For each breed to be healthy, they should be put on a high-quality food diet. Both are prone to obesity and should have minimal table scraps.
Treats are very helpful in training these dogs but should also be given sparingly to avoid becoming overweight.
Pug vs. French Bulldog Appearance: What do They Look Like?
Aside from their small size, Pugs and French Bulldog look nothing alike.
Pugs come in three colors; silver, apricot-fawn with black facial features or all black.
They have large heads and what I like to call squishy faces, meaning they have lots of wrinkles. These dogs also have the cutest curled tail like a little piglet.
French Bulldogs are best known for their bat ears. The come in an array of colors, including all black, all white, fawn, or mixes of all three colors. Their short noses and wrinkled faces make them irresistible.
Both breeds have muscular bodies under their soft, lovely fur.
Pug vs French Bulldog Shedding and Grooming: What Kind of Coats do They Have?
Pugs and French Bulldogs are both short-haired dogs.
French Bulldogs are well known for having beautiful, silky coats, but are commonly prone to skin allergies which can trigger human allergies as well.
However, they seldom shed and only need brushing weekly.
Pugs have soft coats as well but shed much more than a French Bulldog. Weekly brushing can help manage the shedding.
Both breeds need minimal baths unless they get into something particularly dirty or are experiencing dry skin. Their nails grow quickly, and need trimmed often, as long nails can cause them pain.
Pug vs French Bulldog Training: Can They be Trained Easily?
Pugs are born to be people pleasers, so training them is no issue. They are extremely sensitive dogs, so harsh punishments are not a good idea for these pups because it can cause them to fear their owner.
French Bulldogs are not hard to train if started at an early age. These pups tend to be more rambunctious and need a lot of socialization.
They are stubborn dogs by nature, but like Pugs are people pleasers and want to show off their smarts.
French Bulldogs are also very food driven (once again something we have in common) and respond well to treats during training.
If you are struggling to train your Pug or French Bulldog we have created a great article which reviews Brain Training 4 Dogs an amazing programme that can teach your dog amazing tricks!
If you would like to see our review of this click here!
Pug vs French Bulldog Environment and Family Dog: Are They Good With Children?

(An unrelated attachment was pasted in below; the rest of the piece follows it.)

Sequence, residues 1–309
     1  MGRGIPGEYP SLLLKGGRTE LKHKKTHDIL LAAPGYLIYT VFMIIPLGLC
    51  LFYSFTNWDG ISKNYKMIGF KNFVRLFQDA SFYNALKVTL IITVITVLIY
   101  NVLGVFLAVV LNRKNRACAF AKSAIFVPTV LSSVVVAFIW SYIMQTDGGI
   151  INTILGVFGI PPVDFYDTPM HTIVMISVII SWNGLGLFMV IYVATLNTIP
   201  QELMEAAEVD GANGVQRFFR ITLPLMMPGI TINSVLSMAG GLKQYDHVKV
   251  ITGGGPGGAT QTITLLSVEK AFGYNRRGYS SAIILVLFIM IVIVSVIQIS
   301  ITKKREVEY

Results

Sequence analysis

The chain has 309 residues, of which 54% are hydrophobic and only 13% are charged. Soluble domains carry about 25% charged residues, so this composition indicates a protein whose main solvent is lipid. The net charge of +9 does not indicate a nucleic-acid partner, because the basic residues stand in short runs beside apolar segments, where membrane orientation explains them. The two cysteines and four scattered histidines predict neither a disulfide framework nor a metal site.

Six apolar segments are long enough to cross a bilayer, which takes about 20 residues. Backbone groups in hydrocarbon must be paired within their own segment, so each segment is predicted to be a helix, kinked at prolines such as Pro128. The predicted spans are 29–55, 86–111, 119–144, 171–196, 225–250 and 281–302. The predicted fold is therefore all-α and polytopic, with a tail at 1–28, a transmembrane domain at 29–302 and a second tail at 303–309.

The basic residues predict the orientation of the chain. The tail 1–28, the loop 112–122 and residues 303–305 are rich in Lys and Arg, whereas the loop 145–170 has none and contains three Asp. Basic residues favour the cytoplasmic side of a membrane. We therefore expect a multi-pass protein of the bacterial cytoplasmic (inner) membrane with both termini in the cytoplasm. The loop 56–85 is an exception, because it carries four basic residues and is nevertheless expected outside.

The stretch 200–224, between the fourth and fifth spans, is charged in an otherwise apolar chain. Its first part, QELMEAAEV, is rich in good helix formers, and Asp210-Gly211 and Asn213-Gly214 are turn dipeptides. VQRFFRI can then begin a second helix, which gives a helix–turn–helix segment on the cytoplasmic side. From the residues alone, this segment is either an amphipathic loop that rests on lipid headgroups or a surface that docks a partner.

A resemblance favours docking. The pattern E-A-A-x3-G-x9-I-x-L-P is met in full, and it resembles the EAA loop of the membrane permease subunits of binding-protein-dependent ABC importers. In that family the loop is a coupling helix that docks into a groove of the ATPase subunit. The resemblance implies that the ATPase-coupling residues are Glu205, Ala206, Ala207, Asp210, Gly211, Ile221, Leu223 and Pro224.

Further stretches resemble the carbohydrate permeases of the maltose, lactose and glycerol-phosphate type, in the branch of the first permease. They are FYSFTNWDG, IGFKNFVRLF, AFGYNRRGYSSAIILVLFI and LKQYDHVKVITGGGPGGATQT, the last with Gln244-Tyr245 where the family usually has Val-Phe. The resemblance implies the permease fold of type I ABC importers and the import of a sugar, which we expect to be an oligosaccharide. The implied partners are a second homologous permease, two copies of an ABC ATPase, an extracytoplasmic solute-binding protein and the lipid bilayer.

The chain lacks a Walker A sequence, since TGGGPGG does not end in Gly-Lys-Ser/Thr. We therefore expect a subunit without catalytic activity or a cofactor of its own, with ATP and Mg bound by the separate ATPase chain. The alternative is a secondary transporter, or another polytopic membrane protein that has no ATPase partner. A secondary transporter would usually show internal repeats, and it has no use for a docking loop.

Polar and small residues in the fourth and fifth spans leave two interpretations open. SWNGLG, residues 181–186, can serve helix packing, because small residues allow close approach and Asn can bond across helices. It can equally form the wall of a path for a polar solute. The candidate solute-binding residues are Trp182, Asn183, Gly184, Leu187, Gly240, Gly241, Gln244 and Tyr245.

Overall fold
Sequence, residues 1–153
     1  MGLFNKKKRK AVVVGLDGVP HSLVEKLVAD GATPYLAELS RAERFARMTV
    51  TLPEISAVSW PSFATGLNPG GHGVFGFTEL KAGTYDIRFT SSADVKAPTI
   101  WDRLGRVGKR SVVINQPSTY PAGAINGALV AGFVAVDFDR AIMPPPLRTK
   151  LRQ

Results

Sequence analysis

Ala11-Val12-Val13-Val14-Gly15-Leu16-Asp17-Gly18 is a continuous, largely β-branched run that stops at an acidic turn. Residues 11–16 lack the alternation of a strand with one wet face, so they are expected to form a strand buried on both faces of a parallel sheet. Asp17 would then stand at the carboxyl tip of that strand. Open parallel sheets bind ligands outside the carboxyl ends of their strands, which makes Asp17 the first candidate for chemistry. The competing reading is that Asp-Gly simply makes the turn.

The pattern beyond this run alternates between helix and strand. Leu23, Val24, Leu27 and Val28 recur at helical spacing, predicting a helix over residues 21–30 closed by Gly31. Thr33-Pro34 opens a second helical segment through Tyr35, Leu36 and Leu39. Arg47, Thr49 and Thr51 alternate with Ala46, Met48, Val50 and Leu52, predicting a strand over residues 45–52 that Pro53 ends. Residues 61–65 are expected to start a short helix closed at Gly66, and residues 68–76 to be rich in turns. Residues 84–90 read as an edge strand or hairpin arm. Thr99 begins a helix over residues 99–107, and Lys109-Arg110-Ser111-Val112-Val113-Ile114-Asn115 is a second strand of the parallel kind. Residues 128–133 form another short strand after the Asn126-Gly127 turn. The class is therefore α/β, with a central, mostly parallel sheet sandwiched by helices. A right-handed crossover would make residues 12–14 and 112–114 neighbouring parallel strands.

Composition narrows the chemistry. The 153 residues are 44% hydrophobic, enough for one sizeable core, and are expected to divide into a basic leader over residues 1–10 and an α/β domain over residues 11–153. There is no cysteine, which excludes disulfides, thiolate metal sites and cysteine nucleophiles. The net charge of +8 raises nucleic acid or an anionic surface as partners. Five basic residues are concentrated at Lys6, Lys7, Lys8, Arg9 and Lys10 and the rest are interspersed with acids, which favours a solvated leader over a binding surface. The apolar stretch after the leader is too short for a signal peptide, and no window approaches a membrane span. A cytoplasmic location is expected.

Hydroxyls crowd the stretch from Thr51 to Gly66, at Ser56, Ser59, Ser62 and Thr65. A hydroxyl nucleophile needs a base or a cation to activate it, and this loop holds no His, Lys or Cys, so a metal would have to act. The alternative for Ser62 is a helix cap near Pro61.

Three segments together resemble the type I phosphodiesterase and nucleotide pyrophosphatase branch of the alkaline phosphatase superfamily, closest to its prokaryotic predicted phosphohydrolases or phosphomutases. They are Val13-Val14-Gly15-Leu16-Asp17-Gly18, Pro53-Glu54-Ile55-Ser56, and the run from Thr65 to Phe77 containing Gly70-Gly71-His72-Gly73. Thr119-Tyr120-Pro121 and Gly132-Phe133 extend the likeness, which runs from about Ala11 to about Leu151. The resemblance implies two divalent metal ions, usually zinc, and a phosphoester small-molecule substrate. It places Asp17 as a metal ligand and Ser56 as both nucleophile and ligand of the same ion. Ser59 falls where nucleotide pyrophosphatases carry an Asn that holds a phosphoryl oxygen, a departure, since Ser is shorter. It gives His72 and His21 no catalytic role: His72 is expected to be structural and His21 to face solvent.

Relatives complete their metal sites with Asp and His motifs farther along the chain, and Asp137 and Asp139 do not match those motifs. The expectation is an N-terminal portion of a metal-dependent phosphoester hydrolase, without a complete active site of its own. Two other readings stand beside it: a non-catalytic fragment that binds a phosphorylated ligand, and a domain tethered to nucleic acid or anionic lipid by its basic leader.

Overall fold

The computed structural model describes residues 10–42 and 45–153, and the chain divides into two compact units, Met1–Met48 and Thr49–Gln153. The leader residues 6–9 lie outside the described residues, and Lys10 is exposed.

As I’ve said before, both of these breeds are people pleasers.
They are excellent family dogs who will not be bothered by high energy children playing with them, in fact, they prefer it.
However, if a family is particularly busy and not home much to give these dogs attention, neither breed would be a good fit.
Pugs and French Bulldogs form very close bonds with their owners and would be lonely if they are spending long hours by themselves.
As small dogs, each are equipped to live in small or large places. They are highly alert breeds but won’t be bothered by city noises and other people.
However, both breeds would be better fit for a climate that does not get too hot or humid.
Pug vs French Bulldog Running Costs and Availability: Are They Expensive?
As two of the most popular small dog breeds, be prepared to spend a good amount of money on a pure-bred puppy.
I got lucky by adopting a senior dog who was extremely inexpensive, but you can’t put a price on puppy love!
Other than the typical vet bills that you will see with any dog, neither of these breeds are very expensive to maintain.
Owners should however have money saved for emergencies in case one of the health conditions mentioned earlier shows up.
With low grooming requirements, this also won’t break the bank. The most you’ll spend on these dogs if you’re anything like me is for their toys, treats, and of course their outfits!
Final Thoughts: Pug vs French Bulldog
If you want a dog with entertaining facial expressions and you don’t mind some heavy snoring, the Pug is definitely for you.
If you want a fancy pants dog with a rambunctious personality full of life and playfulness, go with the French Bulldog!
If I were you, I would definitely just go with one of each! Hopefully this helps you find the perfect breed for you. Happy Pet Parenting!